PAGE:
It would be foolish to pretend that the music industry was ever anything other than precisely that: an industry.
Even in the days when rock n roll was the voice of the emerging youth, the sound of rebellion: there was someone, somewhere who was making a lot of money from it.
Even in the early days there were products especially designed as merchandise to help make even more money: just look at all the Elvis movies if you don’t believe me.
But there’s something rather sad about the latest generation of wannabe pop stars openly endorsing consumer products to help finance that difficult second album.
And it’s not like I can pretend that it’s merely the cannon fodder that are doing it. Yes: there is a high level of consumer advertising being done by former X Factor types. One Direction (sorry, who?) advertising Pokemon, Alexandra Burke with her underarm B.O. problems (or why else would she be advertising them?), JLS advertising whatever the hell it is that JLS advertise – if it were just these nearly-rans that were jumping on the bandwagon then I wouldn’t be quite so worried – but its affecting the big hitters as well.
Johnny Rotten – the epitome of Punk Rock – can now be seen advertising butter, U2 brought out their own i-pod in a sponsorship deal with Apple. Hell, even Bob Dylan has done it
You can barely turn on the telly without seeing some perfume fronted by the Beckams, the Beyonce’s or the Back-Street Boys (alright, not the latter, but you get the picture)
So what’s the next logical step? Politician’s in adverts, perhaps? Surely not, I hear you cry – so checkout the adverts for a money advisory company starring John “Two-Jags” Prescott (admittedly no longer an active Politician)
Of course – the Queen already advertises products and has done for a long time – if you count the fact that any product used in the Royal household can show the royal crest, so presumably it’s only a small step from that to a quick advert for MacDonalds next time she wants Balmorral pebble-dashing?
And now the adverts aren’t even going to wait for the advert breaks – there’s product placement with a “P” advisory that this programme that we are watching may contain sudden bouts of characters suddenly saying ‘Hmmm, Scum-Cola: refreshing”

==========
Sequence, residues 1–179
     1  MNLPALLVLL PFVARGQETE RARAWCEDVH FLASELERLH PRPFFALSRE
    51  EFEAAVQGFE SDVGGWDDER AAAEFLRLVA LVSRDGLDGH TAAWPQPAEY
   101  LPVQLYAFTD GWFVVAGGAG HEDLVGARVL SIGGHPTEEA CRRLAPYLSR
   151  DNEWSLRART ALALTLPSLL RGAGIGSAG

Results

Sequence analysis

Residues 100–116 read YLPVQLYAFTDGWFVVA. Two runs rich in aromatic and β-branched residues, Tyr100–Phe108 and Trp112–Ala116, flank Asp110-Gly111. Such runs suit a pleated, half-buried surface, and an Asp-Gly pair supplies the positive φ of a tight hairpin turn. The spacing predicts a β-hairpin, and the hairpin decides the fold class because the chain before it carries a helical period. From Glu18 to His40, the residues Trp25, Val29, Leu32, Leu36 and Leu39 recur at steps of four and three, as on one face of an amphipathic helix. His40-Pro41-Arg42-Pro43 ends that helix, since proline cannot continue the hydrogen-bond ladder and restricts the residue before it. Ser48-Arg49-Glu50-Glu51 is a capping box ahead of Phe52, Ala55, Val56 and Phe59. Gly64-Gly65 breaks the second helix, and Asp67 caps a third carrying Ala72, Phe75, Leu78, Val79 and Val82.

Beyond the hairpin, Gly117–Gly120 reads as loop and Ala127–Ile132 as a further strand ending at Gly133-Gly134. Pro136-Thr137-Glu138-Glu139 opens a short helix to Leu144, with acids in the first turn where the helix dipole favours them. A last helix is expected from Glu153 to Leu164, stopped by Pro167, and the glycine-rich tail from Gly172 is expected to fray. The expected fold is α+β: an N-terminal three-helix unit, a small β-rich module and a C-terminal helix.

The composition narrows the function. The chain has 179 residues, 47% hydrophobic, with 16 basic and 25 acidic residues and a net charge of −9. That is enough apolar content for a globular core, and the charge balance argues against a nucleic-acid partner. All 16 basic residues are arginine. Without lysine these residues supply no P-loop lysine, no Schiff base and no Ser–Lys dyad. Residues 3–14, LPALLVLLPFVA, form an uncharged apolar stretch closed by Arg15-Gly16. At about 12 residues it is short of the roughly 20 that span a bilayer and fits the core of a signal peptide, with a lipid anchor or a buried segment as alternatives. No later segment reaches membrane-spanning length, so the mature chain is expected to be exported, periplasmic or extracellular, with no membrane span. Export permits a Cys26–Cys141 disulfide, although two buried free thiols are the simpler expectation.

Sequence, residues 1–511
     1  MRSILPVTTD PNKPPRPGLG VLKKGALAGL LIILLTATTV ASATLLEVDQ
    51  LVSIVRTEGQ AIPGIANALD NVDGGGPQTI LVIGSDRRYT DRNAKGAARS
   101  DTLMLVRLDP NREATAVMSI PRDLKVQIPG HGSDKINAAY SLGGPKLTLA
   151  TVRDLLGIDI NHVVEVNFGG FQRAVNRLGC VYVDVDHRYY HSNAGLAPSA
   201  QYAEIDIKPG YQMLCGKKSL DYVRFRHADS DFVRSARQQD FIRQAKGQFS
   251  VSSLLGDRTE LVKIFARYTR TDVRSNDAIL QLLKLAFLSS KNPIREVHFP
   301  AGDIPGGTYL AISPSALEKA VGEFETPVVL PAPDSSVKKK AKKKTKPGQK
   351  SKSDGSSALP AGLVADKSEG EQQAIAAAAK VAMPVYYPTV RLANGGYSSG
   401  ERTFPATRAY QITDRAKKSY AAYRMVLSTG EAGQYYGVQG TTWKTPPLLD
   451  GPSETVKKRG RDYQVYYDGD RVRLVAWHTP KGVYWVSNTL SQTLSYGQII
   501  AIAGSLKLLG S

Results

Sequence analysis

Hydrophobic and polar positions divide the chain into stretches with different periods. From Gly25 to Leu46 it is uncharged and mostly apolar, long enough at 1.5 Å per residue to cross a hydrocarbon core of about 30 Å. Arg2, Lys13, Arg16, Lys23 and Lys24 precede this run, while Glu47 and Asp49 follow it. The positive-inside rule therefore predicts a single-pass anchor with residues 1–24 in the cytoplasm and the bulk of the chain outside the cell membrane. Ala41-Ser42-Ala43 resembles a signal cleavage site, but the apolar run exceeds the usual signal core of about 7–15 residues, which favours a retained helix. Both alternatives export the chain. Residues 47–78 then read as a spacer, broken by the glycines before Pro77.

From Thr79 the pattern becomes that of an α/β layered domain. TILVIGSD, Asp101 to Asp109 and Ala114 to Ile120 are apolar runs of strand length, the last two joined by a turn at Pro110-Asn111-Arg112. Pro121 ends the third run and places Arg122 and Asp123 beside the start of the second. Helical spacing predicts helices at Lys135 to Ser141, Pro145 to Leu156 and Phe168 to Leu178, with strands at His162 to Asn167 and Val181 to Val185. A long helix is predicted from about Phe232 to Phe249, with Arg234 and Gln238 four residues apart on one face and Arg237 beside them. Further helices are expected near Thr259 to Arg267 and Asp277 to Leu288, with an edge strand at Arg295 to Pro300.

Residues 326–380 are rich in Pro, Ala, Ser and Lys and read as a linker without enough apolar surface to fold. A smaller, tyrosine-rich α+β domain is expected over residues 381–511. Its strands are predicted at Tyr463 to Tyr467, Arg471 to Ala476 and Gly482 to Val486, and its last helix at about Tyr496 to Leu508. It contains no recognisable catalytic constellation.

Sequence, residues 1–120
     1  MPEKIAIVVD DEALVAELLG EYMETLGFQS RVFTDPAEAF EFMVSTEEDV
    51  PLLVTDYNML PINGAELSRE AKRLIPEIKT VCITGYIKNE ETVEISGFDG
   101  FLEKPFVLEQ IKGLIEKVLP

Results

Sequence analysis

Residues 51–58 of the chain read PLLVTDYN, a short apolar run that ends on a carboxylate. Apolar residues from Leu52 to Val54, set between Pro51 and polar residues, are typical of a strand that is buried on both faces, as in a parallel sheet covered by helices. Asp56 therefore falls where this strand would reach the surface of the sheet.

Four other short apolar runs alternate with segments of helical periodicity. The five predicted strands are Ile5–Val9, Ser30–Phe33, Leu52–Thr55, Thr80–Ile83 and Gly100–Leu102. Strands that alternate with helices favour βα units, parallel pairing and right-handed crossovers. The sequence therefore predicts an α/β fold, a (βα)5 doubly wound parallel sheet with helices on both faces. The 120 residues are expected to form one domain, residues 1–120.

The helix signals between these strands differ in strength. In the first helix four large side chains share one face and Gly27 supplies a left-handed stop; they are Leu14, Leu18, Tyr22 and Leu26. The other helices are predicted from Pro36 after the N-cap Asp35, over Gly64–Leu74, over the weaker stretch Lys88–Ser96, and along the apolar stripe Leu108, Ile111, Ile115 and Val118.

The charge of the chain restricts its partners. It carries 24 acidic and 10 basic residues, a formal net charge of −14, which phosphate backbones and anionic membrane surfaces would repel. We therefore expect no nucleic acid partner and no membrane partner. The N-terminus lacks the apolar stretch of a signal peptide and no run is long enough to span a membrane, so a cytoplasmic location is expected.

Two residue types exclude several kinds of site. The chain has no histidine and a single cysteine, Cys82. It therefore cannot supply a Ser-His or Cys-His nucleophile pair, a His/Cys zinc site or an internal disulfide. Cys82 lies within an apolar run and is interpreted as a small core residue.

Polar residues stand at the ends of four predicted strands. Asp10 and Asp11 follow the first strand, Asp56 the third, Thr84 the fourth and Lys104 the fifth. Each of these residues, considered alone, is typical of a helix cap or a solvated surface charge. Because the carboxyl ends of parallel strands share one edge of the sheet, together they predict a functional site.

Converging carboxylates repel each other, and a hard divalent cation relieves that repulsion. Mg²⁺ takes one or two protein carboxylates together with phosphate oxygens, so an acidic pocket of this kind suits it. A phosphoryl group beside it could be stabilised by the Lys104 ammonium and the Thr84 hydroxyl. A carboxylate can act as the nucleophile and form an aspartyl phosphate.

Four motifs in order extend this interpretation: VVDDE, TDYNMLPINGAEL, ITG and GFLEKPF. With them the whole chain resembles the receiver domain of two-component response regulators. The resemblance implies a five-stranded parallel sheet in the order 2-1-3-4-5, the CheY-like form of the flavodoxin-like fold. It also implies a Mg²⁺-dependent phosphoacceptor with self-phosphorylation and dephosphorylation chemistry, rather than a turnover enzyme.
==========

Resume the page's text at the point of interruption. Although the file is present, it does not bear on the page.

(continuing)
And let’s not even get started on adverts with voice overs from “celebrity” actors – it seems that these days we can’t be persuaded to buy anything unless That Bloke From Gray’s Anatomy is either voicing or starring in it.
Even worse is the current trend for getting us to actively participate in adverts - call this number and send us your money to decide if Fictional Character A proposes to Fictional Character B, or to follow us on Facebook. I mean surely there can't be anyone out there so desperate for friends that they're willing to add a roll of toilet paper to their role of associates, no matter how quilted it may be? What would the updates be like??
There is a current feeling in those of us that still take interest in film and TV that there are no stars of the magnitude of Days Gone By. Sure we may go and see a film starring Rachel From Friends because we liked her in that and know that she’ll be pretty much the same in this, but not in the same way that Humphrey Bogart in a film could guarantee a return. Is this really because actors are not as good, or are they just spreading themselves too thin?
Back In The Day it used to be BBC policy to only use the Daleks sparingly in Dr Who – the idea being that the infrequency of their appearance would add to the impact when they turned up. In these days of multi-media and toy-sales based programming they have been in every season of the re-vamped show so far: and only to their detriment.
Perhaps then, if the stars of today were to go away for a while we might appreciate them a bit more when they returned?
Mind you: I caught something on the radio the other night where a man was saying that he’d had a phone call from someone trying to sell him something
He had asked the girl in the call centre, ‘Why are you doing this dead-end, soul-destroying sales job? Isn’t there something more fulfilling you could be doing with your life?’
To which she replied, ‘I’m not the one answering phone calls at home during the day’
Something to think about there: if nothing else.